• \$\begingroup\$ If one plate is directly grounded then that plate will have a very hard time trying to change in voltage in response to the other plate's voltage change. However if there is reasonable resistance in the circuit then you will start to see some of the effects that you listed. You have a lot more studying to do, good luck. \$\endgroup\$ – Nedd Oct 15 '19 at 13:20
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When connected to a voltage source the voltage on the the plate on the positive side begins to rise slowly until it reaches the same voltage as the supply, while the other plate, which is connected to ground, remains at 0v.

This is basically correct, but remember that all voltage is relative and the capacitor doesn't "know" where ground is. It acquires an electric field with a potential difference across the plates.

Capacitors have the tendency to keep the voltage across two plates the same, and therefore if one is 10v and the other is 0v, and the 10v is suddenly pulled to ground, the other plate will be pulled to -10v to maintain the voltage differences.

Careful. I'm guessing that this experiment isn't connecting 0V to both plates at the same time, but instead "floating" the capacitor by disconnecting both plates. Since it's disconnected, there is no longer a circuit, and its voltage relative to ground can't be sensibly measured.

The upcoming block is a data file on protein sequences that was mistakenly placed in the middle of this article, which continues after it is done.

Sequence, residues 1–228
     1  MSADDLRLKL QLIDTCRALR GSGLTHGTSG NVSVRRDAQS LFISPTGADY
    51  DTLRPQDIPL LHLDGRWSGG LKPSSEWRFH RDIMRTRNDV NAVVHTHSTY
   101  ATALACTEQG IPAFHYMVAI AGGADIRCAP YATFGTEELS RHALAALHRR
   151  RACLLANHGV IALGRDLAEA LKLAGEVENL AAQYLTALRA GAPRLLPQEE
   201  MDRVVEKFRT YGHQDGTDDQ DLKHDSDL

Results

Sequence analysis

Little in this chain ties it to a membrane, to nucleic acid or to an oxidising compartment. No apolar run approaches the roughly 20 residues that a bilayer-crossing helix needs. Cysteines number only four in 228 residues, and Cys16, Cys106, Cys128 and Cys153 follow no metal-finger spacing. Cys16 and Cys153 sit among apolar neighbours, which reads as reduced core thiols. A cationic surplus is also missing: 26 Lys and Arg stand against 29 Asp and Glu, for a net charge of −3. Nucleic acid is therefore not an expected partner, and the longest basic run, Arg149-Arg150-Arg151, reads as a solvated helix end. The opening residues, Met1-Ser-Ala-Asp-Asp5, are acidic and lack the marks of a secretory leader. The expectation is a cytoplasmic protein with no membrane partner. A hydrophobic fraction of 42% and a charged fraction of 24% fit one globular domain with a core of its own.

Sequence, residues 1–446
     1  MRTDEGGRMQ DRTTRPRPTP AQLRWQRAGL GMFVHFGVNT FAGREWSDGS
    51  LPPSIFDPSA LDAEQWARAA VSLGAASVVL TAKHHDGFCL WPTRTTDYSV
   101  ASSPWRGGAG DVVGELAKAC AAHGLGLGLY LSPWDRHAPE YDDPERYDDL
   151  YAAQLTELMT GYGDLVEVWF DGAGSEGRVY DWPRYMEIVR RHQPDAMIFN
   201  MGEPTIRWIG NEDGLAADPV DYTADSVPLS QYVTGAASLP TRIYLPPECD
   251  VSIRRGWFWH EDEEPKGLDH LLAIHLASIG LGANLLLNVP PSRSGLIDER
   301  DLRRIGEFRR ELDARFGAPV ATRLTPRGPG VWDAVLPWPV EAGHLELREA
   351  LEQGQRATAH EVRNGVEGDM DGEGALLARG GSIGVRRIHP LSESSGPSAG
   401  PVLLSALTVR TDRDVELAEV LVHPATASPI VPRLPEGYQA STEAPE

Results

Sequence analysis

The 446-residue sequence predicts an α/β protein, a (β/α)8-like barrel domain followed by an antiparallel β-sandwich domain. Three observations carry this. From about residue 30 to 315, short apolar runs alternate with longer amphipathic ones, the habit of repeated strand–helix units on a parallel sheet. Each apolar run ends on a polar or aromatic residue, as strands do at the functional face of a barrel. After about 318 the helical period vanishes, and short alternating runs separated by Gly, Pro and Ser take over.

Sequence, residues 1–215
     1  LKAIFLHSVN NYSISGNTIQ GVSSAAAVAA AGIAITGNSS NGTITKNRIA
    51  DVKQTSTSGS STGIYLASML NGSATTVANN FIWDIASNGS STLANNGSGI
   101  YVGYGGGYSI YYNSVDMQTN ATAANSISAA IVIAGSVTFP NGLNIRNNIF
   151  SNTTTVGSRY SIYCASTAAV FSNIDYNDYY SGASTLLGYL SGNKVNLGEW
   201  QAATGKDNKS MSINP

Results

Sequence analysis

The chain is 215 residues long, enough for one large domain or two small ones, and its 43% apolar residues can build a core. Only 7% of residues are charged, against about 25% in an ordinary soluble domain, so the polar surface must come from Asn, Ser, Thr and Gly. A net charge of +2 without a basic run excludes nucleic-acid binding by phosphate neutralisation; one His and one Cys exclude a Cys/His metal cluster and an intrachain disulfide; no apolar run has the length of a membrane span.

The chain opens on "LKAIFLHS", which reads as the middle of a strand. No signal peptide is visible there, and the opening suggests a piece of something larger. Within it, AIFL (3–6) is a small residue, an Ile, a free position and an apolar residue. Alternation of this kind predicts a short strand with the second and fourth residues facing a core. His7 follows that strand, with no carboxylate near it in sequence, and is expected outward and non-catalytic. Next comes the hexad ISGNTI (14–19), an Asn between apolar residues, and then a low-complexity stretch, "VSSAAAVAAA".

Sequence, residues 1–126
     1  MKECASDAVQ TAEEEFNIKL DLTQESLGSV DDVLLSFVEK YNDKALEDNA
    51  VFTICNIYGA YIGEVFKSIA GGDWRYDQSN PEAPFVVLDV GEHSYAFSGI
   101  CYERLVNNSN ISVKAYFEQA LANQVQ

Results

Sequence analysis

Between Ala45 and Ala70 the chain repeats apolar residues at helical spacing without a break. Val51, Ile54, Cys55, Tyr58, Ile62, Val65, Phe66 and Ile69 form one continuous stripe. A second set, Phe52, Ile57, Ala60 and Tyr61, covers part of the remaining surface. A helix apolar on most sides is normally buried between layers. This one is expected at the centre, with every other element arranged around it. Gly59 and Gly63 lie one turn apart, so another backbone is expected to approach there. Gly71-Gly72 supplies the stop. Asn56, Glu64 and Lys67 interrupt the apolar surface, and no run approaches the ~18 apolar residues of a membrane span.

So you measure +10V from the "top" terminal to the "bottom" terminal while it's floating. Connect a wire to the "top" terminal, and you still measure +10V top to bottom. Because voltage is relative. If you label the top wire "0V", then yes the bottom terminal appears at -10V.

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    \$\begingroup\$ Point 1 is incorrect - when it connects to a voltage source, a massive current flows to raise that plate immediately to the voltage of the voltage source. \$\endgroup\$ – Andy aka Oct 15 '19 at 14:12
  • \$\begingroup\$ @Andyaka Only if it is an ideal voltage source with zero internal resistance and a theoretically perfect capacitor. The current is proportional to the total loop impedance, which includes the internal resistance of the voltage source, any wiring resistance and any series inductance. The internal construction of the capacitor will also have an effect. \$\endgroup\$ – Peter Jennings Oct 15 '19 at 14:20